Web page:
Isolation can be a huge asset for music-makers. Some of the most successful and captivating modern musicians have origin stories filled with major changes that inspire them to take impromptu songwriting retreats alone in remote locations. But isolation also has the potential to do damage to an artist’s creativity and productivity. We’re all stuck with some level of isolation right now whether we thrive through creative partnerships or do our best work alone. Whether we succeed or suffer through periods of isolation depends on the work we put into creating music and prioritizing connection with our audiences and ourselves.
How to get the most out of isolation
Isolation is a force that compels us to reckon with ourselves as musicians and as people. If you’re used to playing in a band or writing with partners, it can be easy to hide your true thoughts and feelings about the work you’re doing. But when it’s just you, a notepad, and your instrument, the only person you have to answer to is yourself. Creating passionately and productively during isolation demands running towards your humanity, not shying away from it. This means that looking inward too much could result with music that doesn’t relate to audiences. On the other end of the spectrum, if you’re a person who thrives through collaboration, being able to create anything alone might seem impossible.
To make periods of isolation productive, we have to know who we are, what we value about creating music, and to nail down what successfully connecting with listeners looks like for us. Embracing the humanity of music isn’t about trying to please everyone with your work (you’ll never be able to do that), but instead to try saying something meaningful and interesting with your music. It’s something that demands you to comb through your experiences as fuel for creating music that reaches audiences in a lasting way. It’s not easy if you’re used to bouncing ideas off of others or looking for external signs that what you’re creating is on the right track. But, like with any musically creative pursuit, the point is to explore and experiment, not to expect to create perfect work right off the bat.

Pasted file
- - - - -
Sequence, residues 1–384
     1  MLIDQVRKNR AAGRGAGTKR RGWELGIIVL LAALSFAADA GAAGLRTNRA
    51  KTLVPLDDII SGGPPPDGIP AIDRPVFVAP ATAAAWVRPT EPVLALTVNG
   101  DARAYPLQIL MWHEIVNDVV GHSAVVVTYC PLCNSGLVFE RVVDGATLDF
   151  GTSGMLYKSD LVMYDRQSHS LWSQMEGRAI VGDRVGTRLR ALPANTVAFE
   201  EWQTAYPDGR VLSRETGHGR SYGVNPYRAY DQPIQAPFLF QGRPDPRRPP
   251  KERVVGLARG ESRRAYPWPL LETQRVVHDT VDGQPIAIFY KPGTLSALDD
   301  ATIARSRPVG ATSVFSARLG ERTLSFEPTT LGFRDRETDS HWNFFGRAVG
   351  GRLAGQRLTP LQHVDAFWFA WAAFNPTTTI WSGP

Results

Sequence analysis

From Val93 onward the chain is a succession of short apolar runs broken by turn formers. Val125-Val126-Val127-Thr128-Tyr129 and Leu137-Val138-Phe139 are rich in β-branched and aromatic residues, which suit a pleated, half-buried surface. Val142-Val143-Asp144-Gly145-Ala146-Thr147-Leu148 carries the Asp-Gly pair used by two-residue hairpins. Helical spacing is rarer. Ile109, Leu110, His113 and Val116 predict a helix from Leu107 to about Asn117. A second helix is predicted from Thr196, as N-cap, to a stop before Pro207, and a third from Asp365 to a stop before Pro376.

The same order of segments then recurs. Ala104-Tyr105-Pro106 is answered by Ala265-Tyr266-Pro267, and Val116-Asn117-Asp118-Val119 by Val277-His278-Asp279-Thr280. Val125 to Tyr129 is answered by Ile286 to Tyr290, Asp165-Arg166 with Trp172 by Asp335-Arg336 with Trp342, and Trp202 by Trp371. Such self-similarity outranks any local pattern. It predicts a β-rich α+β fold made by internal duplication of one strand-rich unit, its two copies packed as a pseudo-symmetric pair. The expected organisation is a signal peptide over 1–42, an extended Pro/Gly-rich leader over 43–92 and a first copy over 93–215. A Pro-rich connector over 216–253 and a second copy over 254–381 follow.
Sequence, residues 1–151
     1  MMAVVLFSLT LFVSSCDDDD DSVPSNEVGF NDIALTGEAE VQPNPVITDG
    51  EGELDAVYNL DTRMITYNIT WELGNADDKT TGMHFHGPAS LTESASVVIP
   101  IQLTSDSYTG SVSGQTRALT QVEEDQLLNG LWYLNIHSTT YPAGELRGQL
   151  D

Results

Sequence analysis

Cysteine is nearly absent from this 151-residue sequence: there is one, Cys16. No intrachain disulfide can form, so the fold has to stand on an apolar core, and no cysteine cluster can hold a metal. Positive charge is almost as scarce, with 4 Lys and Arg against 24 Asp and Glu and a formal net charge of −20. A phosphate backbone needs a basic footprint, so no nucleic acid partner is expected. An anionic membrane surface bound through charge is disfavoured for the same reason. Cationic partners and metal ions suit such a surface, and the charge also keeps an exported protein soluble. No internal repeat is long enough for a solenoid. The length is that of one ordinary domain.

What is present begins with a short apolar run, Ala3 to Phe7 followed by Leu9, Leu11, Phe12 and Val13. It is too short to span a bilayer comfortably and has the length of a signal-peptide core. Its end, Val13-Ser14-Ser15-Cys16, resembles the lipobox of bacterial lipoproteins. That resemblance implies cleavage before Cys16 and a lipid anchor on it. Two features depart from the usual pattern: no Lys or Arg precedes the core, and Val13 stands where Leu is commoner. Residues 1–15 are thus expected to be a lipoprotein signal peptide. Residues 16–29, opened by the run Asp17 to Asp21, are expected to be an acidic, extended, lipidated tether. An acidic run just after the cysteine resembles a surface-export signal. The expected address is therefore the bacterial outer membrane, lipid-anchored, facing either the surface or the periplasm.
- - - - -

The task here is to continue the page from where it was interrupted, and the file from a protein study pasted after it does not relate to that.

Maintaining human connections during isolation
You’ll get the most out of creating while isolated if you can make the conscious decision to explore music creation in a free, unrushed way. Working alone takes some amount of bravery because it’s not always easy or natural to make something out of nothing by reaching inside of yourself. But remember, being isolated doesn’t mean you’re alone if you don’t want to be. If a connection with the outside world is critical for your music-making process, you should schedule times to talk with friends and other musicians, listen to other artist’s music, and take some time to experience human-centered stories through books, movies, TV, and podcasts. Being alone is an isolating feeling for many, but the truth is that it’s completely possible to be isolated and constantly surrounded by other people at the same time. Being on your own is a good chance to recalibrate your thoughts and focus on the parts of your musical creativity that are most rewarding for you.
For long stretches of time, being alone could result in you making the best work of your life. Or, it could be a dry period of your creativity. If we do everything we can to stay engaged, connected, and productive during isolation, then creating during these times really isn’t different than any other period in the fact that it’s our job to search for and use inspiration at every opportunity. For those who do the work, isolation can be an incredible opportunity to discover and use inspiration. If you find yourself forced into isolation, doing this won’t be easy, but inspiration is still yours for the taking if you look for it. Approached the right way, isolation can be a time for creating ideas that end up reaching lots of people and help them feel less alone. By focusing on reflecting humanity with your music, you won’t let isolation go to waste.
Patrick McGuire is a writer, musician, and human man. He lives nowhere in particular, creates music under the name Straight White Teeth, and has a great affinity for dogs and putting his hands in his pockets.